Understanding information needs
'There is no point in taking the time to make evidence-based solutions easier to understand if policymakers are no longer interested. Successful advocates recognise the value of emotional appeals and simple stories to draw attention to a problem...'
The increased demand for evidence-based practice in health policy in recent years has provoked a parallel increase in diverse evidence-based outputs designed to translate knowledge from researchers to policy makers and practitioners. Such knowledge translation ideally creates user-friendly outputs, tailored to meet information needs in a particular context for a particular audience. Yet matching users' knowledge needs to the most suitable output can be challenging.
We have lots of studies here but the challenge is that they are not driven by country-level needs but donor interest. This has caused the challenge of having too many studies done on one area while another area, that is equally a health need suffers paucity of evidence. If donors are passionate about helping Africa they they have to let us look into the local need driven issues.
Convening the key stakeholders up front in order to formulate the key questions necessary for making decisions from all perspectives should be the first step in any research in order to bring the evidence to bear for decision making to occur… Samueli Institute has the expertise and the management processes in place to allow these kinds of stakeholders to come together for their voices to be heard, drive the research questions to evidence based conclusions and recommendations that then can be made with all stakeholders involved.
NAWALPARASI: In a bizarre incident, it has been revealed that a 10-year-old child was mercilessly hacked to death as human sacrifice to cure an 18-year-old boy, who suffered from health problems, in a village in Nawalparasi district recently....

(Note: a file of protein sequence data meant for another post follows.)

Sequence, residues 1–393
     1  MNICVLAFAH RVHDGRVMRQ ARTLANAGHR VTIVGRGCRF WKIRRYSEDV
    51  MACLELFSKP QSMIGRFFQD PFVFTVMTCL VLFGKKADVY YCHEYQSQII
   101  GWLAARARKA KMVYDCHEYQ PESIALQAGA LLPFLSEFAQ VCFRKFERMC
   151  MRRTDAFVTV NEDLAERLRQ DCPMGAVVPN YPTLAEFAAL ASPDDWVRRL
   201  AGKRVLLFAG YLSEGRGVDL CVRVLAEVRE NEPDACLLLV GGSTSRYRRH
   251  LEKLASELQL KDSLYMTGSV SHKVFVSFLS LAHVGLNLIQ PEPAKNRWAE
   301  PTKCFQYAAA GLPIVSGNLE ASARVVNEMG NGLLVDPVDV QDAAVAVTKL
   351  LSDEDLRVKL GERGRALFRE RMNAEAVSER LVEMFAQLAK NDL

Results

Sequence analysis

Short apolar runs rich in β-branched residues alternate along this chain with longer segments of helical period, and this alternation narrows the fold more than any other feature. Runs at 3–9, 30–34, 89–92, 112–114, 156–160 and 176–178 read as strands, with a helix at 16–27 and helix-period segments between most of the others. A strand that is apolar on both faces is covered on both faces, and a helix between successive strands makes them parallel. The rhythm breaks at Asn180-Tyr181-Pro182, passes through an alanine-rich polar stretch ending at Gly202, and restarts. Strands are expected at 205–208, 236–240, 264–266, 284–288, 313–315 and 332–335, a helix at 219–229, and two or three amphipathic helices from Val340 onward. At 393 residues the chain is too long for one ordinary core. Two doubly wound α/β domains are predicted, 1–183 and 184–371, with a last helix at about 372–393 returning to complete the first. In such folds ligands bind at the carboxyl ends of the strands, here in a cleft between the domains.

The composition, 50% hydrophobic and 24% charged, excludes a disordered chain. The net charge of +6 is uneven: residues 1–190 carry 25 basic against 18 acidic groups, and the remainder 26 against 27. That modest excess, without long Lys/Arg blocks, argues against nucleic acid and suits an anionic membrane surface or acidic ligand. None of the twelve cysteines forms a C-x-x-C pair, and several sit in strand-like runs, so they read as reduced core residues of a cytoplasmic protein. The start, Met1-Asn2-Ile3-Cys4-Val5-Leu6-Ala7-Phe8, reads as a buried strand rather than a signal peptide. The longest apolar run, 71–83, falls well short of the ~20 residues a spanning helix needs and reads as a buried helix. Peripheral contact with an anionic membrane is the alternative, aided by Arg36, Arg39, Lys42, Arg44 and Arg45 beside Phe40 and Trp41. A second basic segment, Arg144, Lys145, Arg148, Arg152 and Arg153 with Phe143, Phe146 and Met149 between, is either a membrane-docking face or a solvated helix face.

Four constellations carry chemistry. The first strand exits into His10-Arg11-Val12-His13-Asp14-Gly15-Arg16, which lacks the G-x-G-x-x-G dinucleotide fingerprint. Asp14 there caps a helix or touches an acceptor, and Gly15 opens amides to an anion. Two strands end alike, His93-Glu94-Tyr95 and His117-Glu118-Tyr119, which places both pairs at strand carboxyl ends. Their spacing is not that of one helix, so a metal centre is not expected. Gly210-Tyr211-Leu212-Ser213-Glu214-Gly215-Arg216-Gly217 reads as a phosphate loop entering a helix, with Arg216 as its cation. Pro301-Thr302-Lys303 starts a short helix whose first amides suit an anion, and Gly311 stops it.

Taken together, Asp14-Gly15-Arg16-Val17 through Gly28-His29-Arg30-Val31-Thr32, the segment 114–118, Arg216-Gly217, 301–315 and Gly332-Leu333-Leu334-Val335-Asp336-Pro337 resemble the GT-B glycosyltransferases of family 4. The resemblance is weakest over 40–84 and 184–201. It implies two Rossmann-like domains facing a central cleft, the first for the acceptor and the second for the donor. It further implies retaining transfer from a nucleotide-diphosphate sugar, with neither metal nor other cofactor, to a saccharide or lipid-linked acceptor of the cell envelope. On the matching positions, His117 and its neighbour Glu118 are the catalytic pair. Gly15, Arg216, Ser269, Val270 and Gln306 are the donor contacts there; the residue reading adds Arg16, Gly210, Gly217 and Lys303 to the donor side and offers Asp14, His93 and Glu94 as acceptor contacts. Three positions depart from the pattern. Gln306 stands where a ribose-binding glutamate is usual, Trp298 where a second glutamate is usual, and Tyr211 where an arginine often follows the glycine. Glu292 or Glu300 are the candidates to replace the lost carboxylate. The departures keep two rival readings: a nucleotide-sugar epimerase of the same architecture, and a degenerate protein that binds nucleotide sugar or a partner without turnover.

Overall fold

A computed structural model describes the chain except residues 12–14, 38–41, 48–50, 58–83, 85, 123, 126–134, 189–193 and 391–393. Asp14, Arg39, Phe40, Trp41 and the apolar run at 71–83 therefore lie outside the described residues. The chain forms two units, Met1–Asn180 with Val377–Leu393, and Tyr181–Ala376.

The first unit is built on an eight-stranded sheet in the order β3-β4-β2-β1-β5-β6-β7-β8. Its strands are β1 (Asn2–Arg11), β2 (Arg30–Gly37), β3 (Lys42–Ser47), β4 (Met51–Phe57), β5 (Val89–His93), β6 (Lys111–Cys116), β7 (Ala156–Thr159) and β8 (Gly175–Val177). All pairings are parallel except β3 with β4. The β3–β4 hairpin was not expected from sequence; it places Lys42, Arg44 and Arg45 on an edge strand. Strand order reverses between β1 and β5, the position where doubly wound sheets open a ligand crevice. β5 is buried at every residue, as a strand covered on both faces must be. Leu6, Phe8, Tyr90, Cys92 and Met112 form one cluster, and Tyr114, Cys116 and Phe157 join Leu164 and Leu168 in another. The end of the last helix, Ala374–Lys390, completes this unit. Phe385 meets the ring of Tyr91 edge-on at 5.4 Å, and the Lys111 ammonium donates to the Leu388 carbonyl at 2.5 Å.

Background: Studies have sought to define information needs of health workers within very specific settings or projects. Lacking in the literature is how hospitals in low-income settings are able to meet the information needs of their staff and the use of information communication technologies (ICT) in day-to-day information searching.
'This research report summarises the best evidence available - from both research and practice - on what approaches are most effective in ensuring the accuracy, readability, relevance and impact of consumer health information...'
'The biggest issue is not necessarily one of quantity - quality is paramount. How accessible, timely, readable, reeliable and useful is the information provided? What does high quality health information really look like?'
Sometimes driven by our generosity we forget to account the actual need of the very people we are trying to help. Last Saturday I visited remote villages of earthquake affected Dhading district where indegenous "Chepan "community live.
I ask one question to all of them, what three things they need most? To my surprise their answer was "Corrugated sheet" "Corrugated sheet" and "Corrugated sheet".
And another question, what three things they want to build with "Corrugated sheet". They prioritise as rebuilding 1. Their homes 2. School 3. Health post.